By Nicola Elson
An Australian rider whose acute leukaemia left her the size of a seven-year-old child credits her ponies for keeping her alive.
Georgia Lowry lives in a rural town just south of Perth, Western Australia. When she was nine weeks old she was diagnosed with acute lymphoblastic leukaemia, an incredibly rare strain of infantile leukaemia which only 2% of children survive.
Before her third birthday, Georgia had been subjected to two bone marrow transplants and several sessions of chemotherapy and radiotherapy. This intensive treatment at such a young age permanently stunted Georgia’s growth: at 24 she is 4’9” tall and weighs 4st 8lb.
Georgia was born into a family of horses. Her father, Shaun Lowry, was close friends with New Zealand eventer Mark Todd through his early years of competing, and the farm on which she grew up was always a haven for horse-lovers. Georgia was drawn to the sport, although her size required something a little safer than her dad’s usual mounts.
“I’ve been pretty much spoilt with ponies. My dad grew up with whatever he could get – cheap, nasty, green young horses – and unfortunately my sister was the test dummy. After a few ponies and a few tumbles, Mum said ‘Georgia’s not getting put on the same. If you want her to ride, I’m choosing the ponies.’ Thankfully Mum put her foot down, and I’ve had some really safe and honest little ponies since then.”
Georgia got her first pony when she was about four: Valiant, a Shetland who introduced Georgia to the world of Pony Club. Her mother, Anne-Marie, said that as long as she was riding, Georgia remained strong and healthy, to the extent that she never even caught the colds and flu her siblings suffered with. They began to call riding Georgia’s “prescription.”
Just after Georgia’s 21st birthday, a new phase in her illness developed; the doctors found a blood clot close to her liver. She was immediately put on blood thinners, and told that she could no longer ride. It was simply too dangerous – a fall could prove critical. Unknowingly, the people who were trying to keep her alive took away her only lifeline.
Georgia rapidly lost weight, falling to a dangerously low 3st 8lb, due to later identified pancreas damage. Any energy from food was wasted as no nutrients were being extracted, and she needed to have a naso-gastric tube inserted. This made her even sicker, and she began to spiral downwards. In her darkest moments, when she was battling depression and her physical illness, she found herself questioning if it was worth carrying on to live in this way.
Georgia made her decision.
The rider was diagnosed on 11 February, underwent surgery on 15 March and is now aiming for next year’s Paralympic
The unsuspecting driver parked his car in Dartmoor National Park to embark on a hike around the moors
“It was just mental power. Of course I wanted to be here, so I had to muster what I had to drink and to slowly eat,” she said. “I’m always one for if something bad does happen, I’d rather do what I love going out strong. That’s when I got back on the horse.”
Salvation came in the form of 14.2hh roan Hansie, a Welsh-Australian stock horse cross. Determined to get her life back, Georgia climbed back on her “old trusty”, and a miracle happened. Inexplicably, she got better.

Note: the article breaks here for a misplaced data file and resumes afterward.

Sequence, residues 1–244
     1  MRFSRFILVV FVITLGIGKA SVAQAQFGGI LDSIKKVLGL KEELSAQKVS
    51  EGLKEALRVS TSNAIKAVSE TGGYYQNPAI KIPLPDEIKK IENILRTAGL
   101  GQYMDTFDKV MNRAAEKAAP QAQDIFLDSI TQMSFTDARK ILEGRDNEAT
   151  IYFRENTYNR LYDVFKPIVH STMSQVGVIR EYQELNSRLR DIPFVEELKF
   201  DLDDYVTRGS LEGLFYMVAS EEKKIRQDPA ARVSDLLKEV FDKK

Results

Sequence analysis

“[Riding] is my prescription. Mum has always said that’s it, that’s my therapy. Whenever I’m on the horse I seem to be well. And as you do at a young age, you believe your parents, so I genuinely believe that horses made me well again,” she said.
Without medical assistance or a change in prescription, Georgia started to put on weight. Her physical strength returned and she conquered her depression. Over the next year she rode her way back to a full recovery. She now has to take tablets every day and will one day need a liver transplant but is taking each day as it comes, and her doctors have acknowledged that riding has played its part in her improved health.
“I live with a few pains – not physical pains, just needles and tablets – but my life could be so much worse. I see people who have lost limbs, who are in wheelchairs, and respect to them – I wouldn’t want to be in that place. Everyone says ‘you’re so incredible, you’re so inspirational’ but I’m really glad they think that but my life could be so much worse. I just go through each day, and if I’m having a bad day I just think it could be much worse, chin up. And I get on a pony.”
Georgia continues to ride and compete at 1.05m, and she hopes one day to join the Australian eventing team. She said riding keeps her from feeling as though her life is defined by her illnesses.
“I just feel at one, I feel freedom with them. I don’t do any other sports. I tried netball and through the Pony Club I’ve done some swimming as well – tetrathlons where you have to swim, run, shoot and ride. I pushed my body to the max by running and swimming – I don’t want to let anyone down, I want to be there for the rest of my team so I tried my hardest, but really, I’m not an athlete,” she said.
“But when I’m on a horse I just feel so level and on the same playing field as everyone else. I love it.”
The story of Georgia’s illnesses has been published: Growing Georgia is available to buy online, through the Children’s Leukaemia and Cancer Research Foundation. The book gives Georgia’s view of her darkest moments and her battle to overcome them, serving as a reminder to anyone fighting their own illnesses that they are not alone.